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Germany marks 60th anniversary of Berlin Airlift
Germany Berlin Airl 5428181
An Oct. 4, 1948 file photo shows Berlin children gazing hopefully at the sky, waiting for candy bars to be dropped from an airlift C-54 Skymaster passing overhead on its approach to Tempelhof Airport. Germany marked the 60th anniversary of the start of the Berlin Airlift on Thursday, June 26, 2008, celebrating an unprecedented undertaking that likely saved the city from falling to the Soviets and helped mend German-American wounds from World War II. - photo by Associated Press
    BERLIN — Germany marked the 60th anniversary of the start of the Berlin Airlift on Thursday, celebrating an unprecedented undertaking that likely saved the city from falling to the Soviets and helped mend German-American wounds from World War II.
    Often called the first battle of the Cold War, the airlift pitted the U.S. and the Soviets against one another for the first time and set the tone for the decades to come.
    ‘‘I find the courage with which this operation was carried out truly admirable,’’ German Defense Minister Franz Josef Jung said at a ceremony at the U.S. Army Airfield in Wiesbaden, from which many of the flights originated.
    The airlift’s significance wasn’t immediately apparent, however, when it began on June 26, 1948.
    The future looked ‘‘bleak’’ to Berliners at the time, said Helmut Trotnow, director of Berlin’s Allied Museum. ‘‘There was no light at the end of the tunnel, but the airlift brought this light.’’
    ‘‘If it hadn’t been for the success of the airlift, history would have looked very different,’’ he said. ‘‘It really is a turning point.’’
    After the war, zones of western Germany were handed to Britain, France and the U.S. to administer, while the Soviet Union was handed the east. Berlin was inside the Soviet sector, but also divided among the four powers.
    In an effort to squeeze the Western powers out of Berlin, Soviet dictator Josef Stalin in June 1948 blockaded all rail, road and ship traffic into the city.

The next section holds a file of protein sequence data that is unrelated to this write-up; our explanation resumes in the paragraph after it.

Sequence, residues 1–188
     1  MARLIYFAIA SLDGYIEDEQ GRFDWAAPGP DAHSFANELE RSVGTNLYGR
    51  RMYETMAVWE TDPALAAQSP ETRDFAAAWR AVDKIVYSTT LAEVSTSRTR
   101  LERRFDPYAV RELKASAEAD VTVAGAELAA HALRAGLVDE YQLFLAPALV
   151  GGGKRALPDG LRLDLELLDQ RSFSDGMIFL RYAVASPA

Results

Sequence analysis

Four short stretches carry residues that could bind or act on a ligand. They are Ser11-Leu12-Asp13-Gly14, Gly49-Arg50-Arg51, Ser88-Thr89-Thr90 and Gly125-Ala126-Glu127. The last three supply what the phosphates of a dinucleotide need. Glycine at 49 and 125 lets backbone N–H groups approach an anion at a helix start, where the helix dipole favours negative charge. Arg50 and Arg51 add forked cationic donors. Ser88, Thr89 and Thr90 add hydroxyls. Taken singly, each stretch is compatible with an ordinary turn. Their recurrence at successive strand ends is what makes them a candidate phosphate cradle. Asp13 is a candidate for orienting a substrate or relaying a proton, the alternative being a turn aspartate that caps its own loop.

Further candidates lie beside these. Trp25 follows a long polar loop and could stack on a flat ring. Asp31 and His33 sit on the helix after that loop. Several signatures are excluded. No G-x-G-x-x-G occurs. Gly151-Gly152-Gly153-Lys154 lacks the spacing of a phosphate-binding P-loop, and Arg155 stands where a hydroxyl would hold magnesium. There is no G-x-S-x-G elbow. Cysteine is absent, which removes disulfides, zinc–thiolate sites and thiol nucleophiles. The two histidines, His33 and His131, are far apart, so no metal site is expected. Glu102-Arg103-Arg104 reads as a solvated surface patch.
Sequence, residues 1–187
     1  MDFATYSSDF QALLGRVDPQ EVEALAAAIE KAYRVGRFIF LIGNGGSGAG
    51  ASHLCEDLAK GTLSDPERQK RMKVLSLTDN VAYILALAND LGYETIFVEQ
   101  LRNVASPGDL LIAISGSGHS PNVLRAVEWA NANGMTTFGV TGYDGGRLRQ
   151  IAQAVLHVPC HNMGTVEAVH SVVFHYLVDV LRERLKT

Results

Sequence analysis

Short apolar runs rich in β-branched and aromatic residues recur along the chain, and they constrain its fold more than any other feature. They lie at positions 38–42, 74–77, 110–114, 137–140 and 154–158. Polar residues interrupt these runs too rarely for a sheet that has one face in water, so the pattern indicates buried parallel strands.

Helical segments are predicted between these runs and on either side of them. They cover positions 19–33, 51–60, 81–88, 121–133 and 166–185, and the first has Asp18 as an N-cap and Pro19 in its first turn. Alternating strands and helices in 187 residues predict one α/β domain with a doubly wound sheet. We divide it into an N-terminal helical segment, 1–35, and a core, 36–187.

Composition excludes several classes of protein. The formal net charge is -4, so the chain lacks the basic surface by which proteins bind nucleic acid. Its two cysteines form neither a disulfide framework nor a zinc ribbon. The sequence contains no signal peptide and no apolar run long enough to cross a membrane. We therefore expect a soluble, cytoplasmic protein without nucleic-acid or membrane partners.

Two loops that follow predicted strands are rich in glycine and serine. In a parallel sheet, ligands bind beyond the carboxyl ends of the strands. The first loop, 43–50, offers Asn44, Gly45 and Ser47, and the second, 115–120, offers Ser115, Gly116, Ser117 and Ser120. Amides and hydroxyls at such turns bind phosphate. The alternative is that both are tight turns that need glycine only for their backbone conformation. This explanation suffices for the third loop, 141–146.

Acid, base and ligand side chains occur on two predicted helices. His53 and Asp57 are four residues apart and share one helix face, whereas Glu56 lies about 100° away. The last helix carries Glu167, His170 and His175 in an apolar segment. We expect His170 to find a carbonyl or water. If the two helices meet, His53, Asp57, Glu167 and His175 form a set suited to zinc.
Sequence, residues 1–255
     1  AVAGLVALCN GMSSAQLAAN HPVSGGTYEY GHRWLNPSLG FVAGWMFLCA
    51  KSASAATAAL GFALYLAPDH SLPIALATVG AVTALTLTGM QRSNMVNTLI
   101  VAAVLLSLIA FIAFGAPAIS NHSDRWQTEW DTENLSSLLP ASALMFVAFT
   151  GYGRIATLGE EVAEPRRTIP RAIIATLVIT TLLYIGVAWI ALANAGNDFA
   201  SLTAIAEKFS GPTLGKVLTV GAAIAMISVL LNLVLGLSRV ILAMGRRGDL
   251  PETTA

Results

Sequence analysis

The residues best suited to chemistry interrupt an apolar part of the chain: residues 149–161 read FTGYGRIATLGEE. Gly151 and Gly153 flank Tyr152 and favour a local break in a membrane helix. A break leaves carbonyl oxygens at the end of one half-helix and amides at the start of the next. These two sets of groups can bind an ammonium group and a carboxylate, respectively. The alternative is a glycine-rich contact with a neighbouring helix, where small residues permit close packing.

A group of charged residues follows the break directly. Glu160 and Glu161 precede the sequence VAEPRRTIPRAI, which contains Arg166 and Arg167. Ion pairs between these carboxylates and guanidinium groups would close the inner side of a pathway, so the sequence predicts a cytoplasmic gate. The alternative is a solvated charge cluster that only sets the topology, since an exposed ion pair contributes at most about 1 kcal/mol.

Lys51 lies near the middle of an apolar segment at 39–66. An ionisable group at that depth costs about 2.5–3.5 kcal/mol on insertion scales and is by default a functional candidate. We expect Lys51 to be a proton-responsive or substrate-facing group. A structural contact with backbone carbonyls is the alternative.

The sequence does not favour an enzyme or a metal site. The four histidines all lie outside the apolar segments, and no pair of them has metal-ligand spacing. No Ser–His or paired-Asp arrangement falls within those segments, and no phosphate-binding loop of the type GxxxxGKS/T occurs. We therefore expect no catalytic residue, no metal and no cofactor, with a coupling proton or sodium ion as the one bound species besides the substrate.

On June 26, the U.S. and Britain launched ‘‘Operation Vittles’’ — an unprecedented airlift that would supply some 2 million West Berliners with food and fuel for 11 months until the Soviets lifted the blockade; and several months after that in case Stalin decided to change his mind.
    ‘‘It changed my life entirely,’’ retired airlift pilot Gail Halvorsen, who lives in Utah, said at the Wiesbaden event. ‘‘We were operating with our former enemies for one common goal: freedom.’’
    Neither side resorted to force — setting the tone for the Cold War — though 39 Britons, 31 Americans and at least five Germans were killed in accidents.
    During the airlift, American, British, Canadian, Australian, New Zealand, and South African pilots flew 278,000 flights to Berlin, carrying 2.3 million tons of food, coal, medicine and other supplies.
    In one amazing day — April 16, 1949 — some 1,400 planes carried in nearly 13,000 tons over a 24 hour period. That was an average of one plane landing every 62 seconds.
    On the ground in Berlin, ex-Luftwaffe mechanics were enlisted to help maintain aircraft, and 19,000 Berliners — almost half women — worked around the clock for three months to build Tegel Airport, providing crucial relief for the British Gatow and American Tempelhof airfields.
    American airlift pilot Bill Voigt remembers that seeing the suffering — and determination — of the Berliners quickly erased any resentment lingering from the war.
    ‘‘Regardless of how you felt about the Germans, you had to pay due homage to them for their determination,’’ Voigt, 87, said on a recent trip to Berlin. ‘‘Most of the people in my squadron and the people I knew felt the same way — that they were putting up a gutsy fight to keep out of the hands of the Russians.’’
    On the other side, Germans — especially Berliners — were shown the human face of their former enemies, working with the occupying western forces on a large scale for the first time against the Russians.
    In an earlier interview, Halvorsen said it is too often forgotten that the Soviets offered better rations to West Berliners willing to register with communist authorities — an offer that only 20,000 accepted.
    ‘‘If they had said ’we can’t stand your dried eggs, we can’t eat your dried potatoes, we can’t eat your dried carrots, your dried milk’ — if they had said that, they would have been Russian and West Germany would have been Russian,’’ he said.
    Halvorsen, 87, is probably the best known of the airlift pilots — remembered for dropping candy to Berlin children on parachutes made out of handkerchiefs. After he started ‘‘Operation Little Vittles’’ other pilots also joined in.
    The operation really took off after a short Aug. 19, 1948 story by The Associated Press ran in newspapers across the U.S. with the headline ‘‘Lollipop Bomber Flies Over Berlin’’ — prompting a wave of candy and handkerchief donations.
    Associated Press writer Nils Weissensee contributed to this report from Wiesbaden

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